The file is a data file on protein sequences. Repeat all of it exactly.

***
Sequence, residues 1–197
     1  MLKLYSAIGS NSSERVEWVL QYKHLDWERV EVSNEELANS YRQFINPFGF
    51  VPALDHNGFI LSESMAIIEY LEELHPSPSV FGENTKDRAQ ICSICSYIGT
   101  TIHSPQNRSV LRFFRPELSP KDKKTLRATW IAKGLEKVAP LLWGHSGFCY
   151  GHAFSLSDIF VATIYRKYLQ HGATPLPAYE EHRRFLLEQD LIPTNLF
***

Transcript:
Sequence, residues 1–197
     1  MLKLYSAIGS NSSERVEWVL QYKHLDWERV EVSNEELANS YRQFINPFGF
    51  VPALDHNGFI LSESMAIIEY LEELHPSPSV FGENTKDRAQ ICSICSYIGT
   101  TIHSPQNRSV LRFFRPELSP KDKKTLRATW IAKGLEKVAP LLWGHSGFCY
   151  GHAFSLSDIF VATIYRKYLQ HGATPLPAYE EHRRFLLEQD LIPTNLF